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Shakur Stevenson impresses in boxing's return, KOs Felix Caraballo with crushing body shot

Kevin Iole
Combat columnist
Shakur Stevenson watches after knocking down Felix Caraballo during their main event fight on June 9, 2020 at the MGM Grand in Las Vegas. (Mikey Williams/Top Rank)

LAS VEGAS — The narrative through the first 13 bouts of Shakur Stevenson’s professional boxing career, which included 13 wins, seven knockouts, a world title and comparisons to Floyd Mayweather, was that one day he would be a great fighter.

It’s time to end that nonsense.

Stevenson is a great fighter right now. Today. He’s not only one of the best in his division, he’s one of the best in the world at any weight.

In the main event of boxing’s first fight in the U.S. since the coronavirus pandemic began, Stevenson put on a show at the MGM Grand Conference Center against a tough but outmatched Felix Caraballo. He blistered him from the opening bell with speed and power, stepping up his offense to prove that he’s not just a one-dimensional fighter, and stopped Caraballo with a left hand to the liver at 1:31 of the sixth round.

Caraballo shrieked in agony and referee Tony Weeks immediately called a halt to the carnage. 

Through three rounds, Stevenson had outlanded Caraballo 66-7 and looked like one of the greats who had fought in this casino. But when it was over, he insisted with a straight face it wasn’t his best performance.

“I’ve had better,” he said. “There have been a couple, I think. A couple of the first-round knockouts I had, maybe a second, they were [better]. I don’t know. Good performance, though.”

Fighting at 130 pounds for the first time, the WBO featherweight champion beamed and said one of his goals in the fight was to put on a more offensive performance. He had earned comparisons to Mayweather, one of the game’s all-time best, through the first 13 fights of his career. But Mayweather was a far more offensive fighter early than Stevenson has shown.

Stevenson heard the critics and came up with a plan that would enable him to display his offense as well as his defense.

“I had been hearing all this talk, ‘Oh, he’s not really offensive like Floyd; his defense is good but he’s not an offensive fighter,’” Stevenson said. “That got to me, to be honest with you. I wanted to show everybody it’s not just my defense, it’s my offense also.”

Promoter Bob Arum, who has been leading the charge on the Stevenson-Mayweather comparisons, was thrilled with what he saw. He said Stevenson is growing into his body and showed a complete game on Tuesday.

It wasn’t just countering an opponent who missed; Stevenson at times was flat-footed in front of Caraballo, who showed he is a solid professional fighter. He simply was up against a whirlwind who appears destined for greatness.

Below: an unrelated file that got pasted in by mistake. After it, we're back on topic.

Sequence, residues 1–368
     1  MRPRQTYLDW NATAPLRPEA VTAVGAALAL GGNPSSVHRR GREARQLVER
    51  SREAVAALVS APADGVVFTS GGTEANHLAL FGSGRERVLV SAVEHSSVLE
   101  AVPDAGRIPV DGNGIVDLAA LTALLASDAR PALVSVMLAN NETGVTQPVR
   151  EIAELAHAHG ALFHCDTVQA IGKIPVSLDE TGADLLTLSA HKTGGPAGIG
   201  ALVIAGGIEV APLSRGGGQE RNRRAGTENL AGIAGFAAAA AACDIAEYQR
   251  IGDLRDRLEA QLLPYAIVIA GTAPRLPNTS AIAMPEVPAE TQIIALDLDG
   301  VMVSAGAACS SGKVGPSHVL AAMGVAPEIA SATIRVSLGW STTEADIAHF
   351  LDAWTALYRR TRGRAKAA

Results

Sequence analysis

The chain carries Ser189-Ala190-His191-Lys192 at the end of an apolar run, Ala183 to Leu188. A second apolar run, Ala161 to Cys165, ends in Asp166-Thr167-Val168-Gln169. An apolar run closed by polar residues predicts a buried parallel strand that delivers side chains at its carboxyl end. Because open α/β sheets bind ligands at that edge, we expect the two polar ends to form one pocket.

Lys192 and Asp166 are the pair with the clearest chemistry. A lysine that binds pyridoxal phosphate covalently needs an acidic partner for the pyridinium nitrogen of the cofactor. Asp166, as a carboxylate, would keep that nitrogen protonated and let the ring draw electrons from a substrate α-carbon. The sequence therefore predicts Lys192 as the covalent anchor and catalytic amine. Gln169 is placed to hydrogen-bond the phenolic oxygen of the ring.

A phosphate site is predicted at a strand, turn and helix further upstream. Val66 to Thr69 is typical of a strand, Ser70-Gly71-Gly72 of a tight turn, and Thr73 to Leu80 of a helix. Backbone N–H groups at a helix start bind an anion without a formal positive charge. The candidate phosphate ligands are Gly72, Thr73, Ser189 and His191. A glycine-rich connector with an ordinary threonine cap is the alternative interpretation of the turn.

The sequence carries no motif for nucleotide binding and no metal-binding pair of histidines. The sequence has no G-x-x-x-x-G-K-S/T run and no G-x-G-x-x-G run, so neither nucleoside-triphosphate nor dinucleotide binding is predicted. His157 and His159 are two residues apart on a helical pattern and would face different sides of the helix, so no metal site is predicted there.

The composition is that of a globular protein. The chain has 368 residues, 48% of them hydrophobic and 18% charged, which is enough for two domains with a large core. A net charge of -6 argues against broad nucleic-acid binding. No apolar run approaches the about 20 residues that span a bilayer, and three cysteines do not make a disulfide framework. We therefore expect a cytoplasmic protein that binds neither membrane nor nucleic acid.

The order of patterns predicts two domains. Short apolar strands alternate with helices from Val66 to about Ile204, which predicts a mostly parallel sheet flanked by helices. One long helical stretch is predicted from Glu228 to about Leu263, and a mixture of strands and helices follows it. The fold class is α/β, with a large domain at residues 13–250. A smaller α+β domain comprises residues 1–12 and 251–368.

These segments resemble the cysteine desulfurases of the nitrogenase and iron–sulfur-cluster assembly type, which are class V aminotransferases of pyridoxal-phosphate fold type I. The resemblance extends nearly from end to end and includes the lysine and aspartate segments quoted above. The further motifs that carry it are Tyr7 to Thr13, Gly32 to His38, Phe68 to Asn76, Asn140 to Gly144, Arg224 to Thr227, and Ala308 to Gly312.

“He always had great, great ability as a boxer and now he’s punching and nobody’s going to beat him,” Arum said.

If Stevenson thought he’d done better, his trainer, Wali Moses, had no complaints. Moses said he sees the development that he wants from Stevenson and said he had added body work to the arsenal, which he said was a point of emphasis.

Stevenson whipped two hard lefts to the body in the fight’s opening 30 seconds that landed with a loud thud and set the tone for what was to come

“I think he looked pretty good,” Moses said. “We’d just come off a tremendous camp. The maturation is there and going well. He’s right on track. I really liked the way he way he kept touching that body. I think he wanted to show that at 130, he didn’t always have to use the ring. It got to a point where the guy was coming hard with a lot of pressure, so Shakur had to work behind the jab and disguise his shots. But our thought in those last few rounds was to go to the body and get him out of there.”

It was a successful return to the sport that Arum has dominated for the better part of a half-century. The protocols in place seemed to work and the ballroom where the bouts were held looked brilliant.

Arum is 88 years old but he never lost faith that Top Rank would be back. But he ripped his frequent foil, UFC president Dana White, for coming back too soon before it was safe to do so. Arum said he consulted with MGM officials and doctors who were advising Gov. Steve Sisolak on when to return and how best to do it.

“Look, I don’t want to cast aspersions on anyone,” Arum said. “But politically and mentally, I’m not Dana White. I come from a liberal kind of a background and I’m going to do things safely and do things right. That’s what we started out doing. Instead of saying, ‘We’re going to get ahead. We’re going to find an island. We’re going to [expletive] everybody. We’re going to put it on.’ No. We decided that we would work with a commission that we trusted and a governor who is really serious about this coronavirus, not like the guy in Florida (Ron DeSantis). And we enlisted the help of the people at the MGM.”

It was a successful first run, and Stevenson made it a memorable night with a breathtaking performance. Heavyweight prospects Guido Vianello and Jared Anderson each scored knockouts on the undercard which left Arum grinning from ear to ear.

It was Stevenson, though, who was the star of this show. And judging by the way he looked on Tuesday, he’s going to be the star of every show he’s on for a long while now.

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